We’ve seen the nipple and the damage done. Without question the most famous halftime show ever, the one that forced a generation of Americans to hear their moms utter the word “aureole.” It killed off Janet Jackson‘s previously unstoppable career – almost 20 years of hitmaking, zapped in one breast-bounce. It damn near killed Justin’s too, as his clumsy (and none too gallant) handling of the controversy ended his post-N’Sync honeymoon with the public. (It took two years and Timbaland for JT to get his sexy back.)

The music was mostly great, but the fallout was poisonous. The Bush administration (especially Colin Powell’s son at the FCC) led a hysterical crusade to demonize MTV and Miss Jackson. You could pinpoint this as the moment MTV decided to bail out of the music business entirely. All around, a disastrous moment for America. Also, Jessica Simpson sang.

25 Jan 1998: A view of the Half Time Show taken during the Super Bowl XXXII between the Denver Broncos and the Green Bay Packers at Qualcomm Stadium in San Diego, California. The Broncos defeated the Packers 31-24.

Getty Images


Boyz II Men (1998)

When it came to halftime shows, the motto for the late Nineties was “more Sixties R&B oldies, please.” Boyz II Men, still one of the world’s biggest and best pop groups at that time, led this tribute to Motown, bringing out Smokey Robinson, the Temptations, the Four Tops and Martha Reeves. And what do you know – no Jim Belushi.

Justin Timberlake performs during halftime of the NFL Super Bowl 52 football game between the Philadelphia Eagles and the New England Patriots, in MinneapolisEagles Patriots Super Bowl Football, Minneapolis, USA - 04 Feb 2018

Mark Humphrey/AP/REX/Shutterstock


Justin Timberlake (2018)

JT returns to the scene of the crime, reprising “Rock Your Body” atthe Super Bowl 14 years after it capsized Janet Jackson’s career. He kept it basic — no NSync reunion (he didn’t even give them a Destiny’s Child-style wham-bam quickie), no Janet rematch, no Britney twirl during “Cry Me A River,” not even Timbaland for “Sexy Back.” Justin was promoting a new album (Man of the Woods, it was called — seriously) and aiming to please in the blandest way possible. The highlight was a brief video duet with Prince on “I Would Die 4 U.” But by the time heended with “Can’t Stop The Feeling,” not even Prince could have made a case for not stopping the feeling.

N 345779 001 01/31/99 Miami Super Bowl Xxxiii In Miami. Gloria Estefan And Stevie Wonder Perform At Half-Time.  (Photo By Joe Traver/Getty Images)

Joe Traver/Getty Images


Stevie Wonder and Gloria Estefan (1999)

Stevie rolled out a few tried-and-true classics in Miami, graciously giving local goddess Gloria Estefan a long-deserved do-over shot at Super Bowl redemption. “Sir Duke” was his hundredth-birthday salute to Duke Ellington; for the finale, he donned a jacket with “AFRICAN” down one sleeve and “AMERICAN” down the other. Gloria turned the beat around, giving her Miami peeps salsa percussion. And the cameo from then-hot swing revivalists Big Bad Voodoo Daddy will help remind future historians that the Nineties were weird.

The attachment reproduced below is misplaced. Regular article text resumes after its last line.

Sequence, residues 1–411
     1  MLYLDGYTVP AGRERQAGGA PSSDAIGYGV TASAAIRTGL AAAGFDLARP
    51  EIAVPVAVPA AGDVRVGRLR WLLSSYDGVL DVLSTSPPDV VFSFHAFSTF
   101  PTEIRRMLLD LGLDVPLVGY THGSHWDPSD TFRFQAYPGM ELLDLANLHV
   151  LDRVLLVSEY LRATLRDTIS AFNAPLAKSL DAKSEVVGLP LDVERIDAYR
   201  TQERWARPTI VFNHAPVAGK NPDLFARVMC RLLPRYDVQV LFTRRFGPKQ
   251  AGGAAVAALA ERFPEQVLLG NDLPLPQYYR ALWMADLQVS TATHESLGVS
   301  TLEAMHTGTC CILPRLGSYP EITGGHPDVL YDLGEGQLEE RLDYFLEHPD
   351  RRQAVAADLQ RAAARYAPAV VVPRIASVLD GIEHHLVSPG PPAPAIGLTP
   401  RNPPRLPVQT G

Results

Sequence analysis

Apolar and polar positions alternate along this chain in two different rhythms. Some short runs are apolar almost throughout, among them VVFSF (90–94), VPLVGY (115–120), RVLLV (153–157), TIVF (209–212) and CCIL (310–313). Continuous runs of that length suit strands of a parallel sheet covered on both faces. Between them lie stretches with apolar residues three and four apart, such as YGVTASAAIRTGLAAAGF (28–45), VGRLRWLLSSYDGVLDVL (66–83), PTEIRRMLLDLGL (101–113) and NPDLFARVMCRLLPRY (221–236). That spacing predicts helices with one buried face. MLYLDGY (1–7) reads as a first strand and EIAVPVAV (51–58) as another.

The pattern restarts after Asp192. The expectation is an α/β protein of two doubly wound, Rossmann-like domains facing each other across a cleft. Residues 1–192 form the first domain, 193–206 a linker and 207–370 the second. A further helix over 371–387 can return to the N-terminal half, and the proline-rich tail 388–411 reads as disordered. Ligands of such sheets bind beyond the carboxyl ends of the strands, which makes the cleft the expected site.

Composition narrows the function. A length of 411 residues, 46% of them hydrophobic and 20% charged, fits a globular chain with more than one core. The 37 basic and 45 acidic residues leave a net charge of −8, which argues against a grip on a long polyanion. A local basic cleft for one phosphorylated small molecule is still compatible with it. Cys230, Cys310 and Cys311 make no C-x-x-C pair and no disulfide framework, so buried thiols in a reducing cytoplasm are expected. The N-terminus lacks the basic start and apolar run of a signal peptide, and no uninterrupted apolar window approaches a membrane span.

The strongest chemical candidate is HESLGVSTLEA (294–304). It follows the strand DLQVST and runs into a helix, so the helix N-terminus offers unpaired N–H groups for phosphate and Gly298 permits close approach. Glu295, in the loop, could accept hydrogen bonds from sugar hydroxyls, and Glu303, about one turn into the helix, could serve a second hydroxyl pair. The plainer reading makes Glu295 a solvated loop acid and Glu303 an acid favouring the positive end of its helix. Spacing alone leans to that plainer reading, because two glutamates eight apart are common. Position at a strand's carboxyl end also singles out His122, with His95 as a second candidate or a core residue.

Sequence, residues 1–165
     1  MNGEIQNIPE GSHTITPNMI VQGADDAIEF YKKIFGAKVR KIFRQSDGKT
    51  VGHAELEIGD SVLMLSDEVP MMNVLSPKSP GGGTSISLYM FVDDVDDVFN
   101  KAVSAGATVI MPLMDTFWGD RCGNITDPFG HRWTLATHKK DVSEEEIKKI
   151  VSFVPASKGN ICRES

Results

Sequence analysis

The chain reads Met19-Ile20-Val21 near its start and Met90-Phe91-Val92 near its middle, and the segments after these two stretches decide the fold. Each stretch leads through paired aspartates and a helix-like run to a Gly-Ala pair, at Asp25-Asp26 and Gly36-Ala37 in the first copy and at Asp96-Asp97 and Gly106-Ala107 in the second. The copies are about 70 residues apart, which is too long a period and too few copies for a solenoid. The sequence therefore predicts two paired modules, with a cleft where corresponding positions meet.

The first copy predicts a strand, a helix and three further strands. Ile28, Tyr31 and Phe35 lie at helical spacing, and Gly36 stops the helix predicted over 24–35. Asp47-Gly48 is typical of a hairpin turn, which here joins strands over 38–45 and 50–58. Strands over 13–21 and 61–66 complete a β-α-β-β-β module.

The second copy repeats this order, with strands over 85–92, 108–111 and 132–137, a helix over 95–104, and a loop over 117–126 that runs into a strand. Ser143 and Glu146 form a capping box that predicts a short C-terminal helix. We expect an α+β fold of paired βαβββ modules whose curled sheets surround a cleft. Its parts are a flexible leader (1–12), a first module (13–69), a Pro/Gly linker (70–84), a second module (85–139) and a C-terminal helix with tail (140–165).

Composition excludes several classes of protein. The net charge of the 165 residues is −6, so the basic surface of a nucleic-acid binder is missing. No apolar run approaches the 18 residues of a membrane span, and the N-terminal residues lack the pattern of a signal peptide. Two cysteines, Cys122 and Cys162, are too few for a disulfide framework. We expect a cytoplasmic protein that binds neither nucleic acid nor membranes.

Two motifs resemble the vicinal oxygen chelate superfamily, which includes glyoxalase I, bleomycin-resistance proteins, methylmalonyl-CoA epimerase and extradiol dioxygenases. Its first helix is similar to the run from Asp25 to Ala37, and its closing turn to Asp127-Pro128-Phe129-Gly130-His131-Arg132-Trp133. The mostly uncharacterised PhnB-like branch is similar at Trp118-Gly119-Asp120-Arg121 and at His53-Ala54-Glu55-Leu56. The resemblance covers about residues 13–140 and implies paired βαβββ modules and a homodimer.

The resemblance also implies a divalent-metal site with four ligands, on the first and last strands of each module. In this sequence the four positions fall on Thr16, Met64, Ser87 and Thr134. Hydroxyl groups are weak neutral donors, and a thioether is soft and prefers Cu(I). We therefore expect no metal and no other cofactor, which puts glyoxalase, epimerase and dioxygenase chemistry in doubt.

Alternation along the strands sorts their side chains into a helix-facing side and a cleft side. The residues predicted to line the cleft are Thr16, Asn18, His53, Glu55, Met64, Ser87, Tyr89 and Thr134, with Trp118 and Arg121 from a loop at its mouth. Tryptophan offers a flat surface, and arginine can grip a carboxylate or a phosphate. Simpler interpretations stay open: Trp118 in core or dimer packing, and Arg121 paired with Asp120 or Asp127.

SAN DIEGO - JANUARY 26:  Singer Shania Twain (C) performs during halftime of Super Bowl XXXVII between the Tampa Bay Buccaneers and the Oakland Raiders on January 26, 2003 at Qualcomm Stadium in San Diego, California.  (Photo by Al Bello/Getty Images)

Al Bello/Getty Images


Shania Twain, Sting and No Doubt (2003)

Hey, let’s just forget Shania showed up for this one, OK? Her performance was a career-freezing sadgasm – you know the star is bombing when the camera goes for close-ups of the keytar dude. But Sting and Gwen came along to rescue the show. They made an insanely cute couple with their tantric harmonizing to “Message in a Bottle.” Gwen was such a natural for this role, boosting the hometown SoCal crowd with her all-American enthusiasm – busting out push-ups for the feminist “Just a Girl,” no less – it’s strange they never begged her to come back and do it again. Bonus points for Chris Berman adding the punch line: “The Sting has been on the Raiders offense!”

EAST RUTHERFORD, NJ - FEBRUARY 02: Bruno Mars and the Red Hot Chili Peppers performB during the Pepsi Super Bowl XLVIII Halftime Show at MetLife Stadium on February 2, 2014 in East Rutherford, New Jersey.  (Photo by Elsa/Getty Images)

Elsa/Getty Images


Bruno Mars and the Red Hot Chili Peppers (2014)

Bruno Mars was a bold choice – people questioned whether he even had enough catalog to fill the time slot. But he proved he belonged right off the bat with that drum solo. He evoked the Motown-revue halftime shows of the Nineties with his old-school R&B moves, rocking a Jackie Wilson quiff, a James Brown suit and reviving the Isley Brothers’ “Shout.” Then he gave it away to the Red Hot Chili Peppers, who made the bold choice to surprise literally nobody by jumping around shirtless to one of their biggest hits.

28 Jan 1996:  Diana Ross performs at the halftime show during Super Bowl XXX between the Dallas Cowboys and Pittsburgh Steelers at Sun Devil Stadium in Tempe, Arizona.  The Cowboys won the game 27 - 17. Mandatory Credit: Al Bello  /Allsport

Al Bello/Allsport


Diana Ross (1996)

The diva-est halftime ever. “Come on, world!” Miss Ross yelled, while getting lowered to the stage on a crane made of sparklers. “We’re gonna take you higher! At the Super, Super, Super Bowl!” The staging was alarmingly klutzy – during her Supremes medley, it was hard not to worry she’d get trampled by her army of red-vested dancers. But what an ending: Diana announced “Oh my – here comes my ride!” as her helicopter landed and her flight crew led her away for a true diva exit in the Ross-Chopper. The Super Bowl folks clearly loved it, since they went on a tear of Sixties soul revues for the rest of the decade.